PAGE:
Now that Marcus Morris has been found not guilty on charges of aggravated assault, it’s time for him to return his focus back to basketball.
Having missed all of training camp, as well as the Celtics’s first preseason game this past Monday, Morris has a lot of catching up to do and only a short amount of time to do it.
Boston opens its season in just 12 days, and the Celtics expect Morris to play a sizable role for them this season. But for that to happen he’ll obviously need to be on the same page as not just his teammates but also the head coach. So far, Morris doesn’t seem to think it will be an issue thanks to the extra time he’s spent learning the ins and outs.
“Brad’s done a great job of sending guys down and helping me kind of through the offense and defensive principles,” Morris said at an impromptu introductory presser on Thursday. “Just coming in with a combination of players and learning everybody; learning their strengths and what they like to do. It’s pretty easy. I’m a veteran now in this league [and] Brad’s stuff is really simple. It’s motion basketball. It’s really easy and, for the most part, I know everything. Some things watching on film I get it real easy.”
Entering his seventh season, Morris has experienced a lot during his career, playing in different systems with Houston, Phoenix and Detroit while occupying a variety of roles, so it’s no wonder that he’s picking things up rather quickly. His role with the Celtics will be pretty straightforward: shoot threes and lock down on defense, similar to what he did for the Pistons over the last two years, except he’ll slide up a spot in Boston.
“I feel like I can fit in anywhere,” Morris said. “I’m a guy that you can put in different positions. I’m playing the 4 this year; I played the 3 the last two years, so I think it will be easy. I think playing these guys over the years they pretty much know what I can do.”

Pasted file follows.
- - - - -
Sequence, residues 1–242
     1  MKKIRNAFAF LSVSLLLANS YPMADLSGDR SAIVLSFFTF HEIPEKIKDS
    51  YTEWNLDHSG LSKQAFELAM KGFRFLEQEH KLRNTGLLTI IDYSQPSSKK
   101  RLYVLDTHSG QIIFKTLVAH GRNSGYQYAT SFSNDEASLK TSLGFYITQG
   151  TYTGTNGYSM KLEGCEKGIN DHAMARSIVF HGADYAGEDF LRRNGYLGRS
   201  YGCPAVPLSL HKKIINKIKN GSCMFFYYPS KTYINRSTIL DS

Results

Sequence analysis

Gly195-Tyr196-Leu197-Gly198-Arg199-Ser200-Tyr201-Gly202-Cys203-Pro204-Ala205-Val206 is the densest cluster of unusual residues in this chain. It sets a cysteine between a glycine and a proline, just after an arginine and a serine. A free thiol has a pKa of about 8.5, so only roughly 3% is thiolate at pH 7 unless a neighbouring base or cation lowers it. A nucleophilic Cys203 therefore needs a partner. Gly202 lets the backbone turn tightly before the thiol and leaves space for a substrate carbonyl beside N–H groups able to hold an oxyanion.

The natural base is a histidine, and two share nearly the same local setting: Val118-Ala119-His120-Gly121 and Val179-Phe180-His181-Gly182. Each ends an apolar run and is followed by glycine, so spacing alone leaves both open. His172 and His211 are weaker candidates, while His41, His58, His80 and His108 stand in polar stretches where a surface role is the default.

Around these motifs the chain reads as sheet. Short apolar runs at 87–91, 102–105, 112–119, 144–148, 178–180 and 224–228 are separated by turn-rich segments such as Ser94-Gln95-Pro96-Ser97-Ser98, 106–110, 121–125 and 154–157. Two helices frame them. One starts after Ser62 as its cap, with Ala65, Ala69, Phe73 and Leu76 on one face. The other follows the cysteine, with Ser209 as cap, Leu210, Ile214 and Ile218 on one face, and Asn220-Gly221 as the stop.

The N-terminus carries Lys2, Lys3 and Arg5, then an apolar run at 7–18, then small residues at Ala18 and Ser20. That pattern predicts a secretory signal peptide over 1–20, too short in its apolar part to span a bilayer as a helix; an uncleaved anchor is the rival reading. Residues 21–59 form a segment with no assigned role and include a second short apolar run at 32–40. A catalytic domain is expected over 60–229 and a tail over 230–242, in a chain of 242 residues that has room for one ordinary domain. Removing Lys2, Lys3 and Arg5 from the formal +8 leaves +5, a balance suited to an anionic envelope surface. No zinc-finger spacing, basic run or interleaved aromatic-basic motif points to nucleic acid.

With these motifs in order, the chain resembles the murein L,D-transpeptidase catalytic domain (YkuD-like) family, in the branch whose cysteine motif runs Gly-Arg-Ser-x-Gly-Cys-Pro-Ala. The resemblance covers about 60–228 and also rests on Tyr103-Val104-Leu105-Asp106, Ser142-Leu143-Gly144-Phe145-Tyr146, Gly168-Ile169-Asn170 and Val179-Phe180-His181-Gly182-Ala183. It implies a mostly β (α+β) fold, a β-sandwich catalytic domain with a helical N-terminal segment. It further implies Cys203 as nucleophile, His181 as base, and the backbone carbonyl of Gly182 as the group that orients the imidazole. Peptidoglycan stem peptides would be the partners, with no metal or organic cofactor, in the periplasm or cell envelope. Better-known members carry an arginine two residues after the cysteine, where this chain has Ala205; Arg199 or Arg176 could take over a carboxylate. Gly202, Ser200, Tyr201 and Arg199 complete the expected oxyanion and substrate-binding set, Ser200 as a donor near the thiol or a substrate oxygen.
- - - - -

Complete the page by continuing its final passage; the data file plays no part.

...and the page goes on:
Morris has also taken the liberty of assigning himself an additional role: team bully.
“I have to be the tough guy on the team,” Morris said with a slight smile. “Guys knocking my guys down, I can’t have that. It’s going to be my role to be the bully and I’m accepting it.”
Serving as the Celtics’ enforcer shouldn’t be hard for Morris. Though quiet off the court, he has no problem letting you know exactly how he feels on it. His 35 career technical fouls speak for themselves, including a personal-best 11 during the 2015-16 season.
“When I step in between the lines I can’t really be quiet, it’s just hard,” Morris explained. “Off the court I’m cool, but when I’m on the court, technical fouls. I kind of dumbed it down last year (he had six), but the year before that I was like top-three [in the league]. It depends on how hard they’re fouling, what fouls they’re calling because, like I said, I’ve got to protect my guys out there.”
Before he can do that, though, Morris is going to need to re-familiarize himself with the guys who are actually on his side. When the Celtics traded for him, the Isaiah Thomas/Kyrie Irving trade hadn’t happened yet, and, when it did, Morris wasn’t sure how to feel.
“Initially I probably felt like how everybody else felt,” he said. “I had a great relationship with IT and Crowder, a lot of those guys—even Avery Bradley. I didn’t know but it’s nothing I could dwell on. I’m a professional NBA player and I have to play with the guys we got and it’s not like we didn’t get nobody. We got Kyrie Irving.”
Regardless of who’s suiting up alongside him, Morris is just happy to be here in Boston and is looking forward to getting things underway.
“It was very difficult [not being able to be here because of the trial],” Morris said. “Just for me coming to a new place and not being able to be here and be one of the first guys here and just learning everybody, it’s a little tough. But it’s behind me; I’m ready to play and ready to get going. It’s a privilege to be a Boston Celtic.”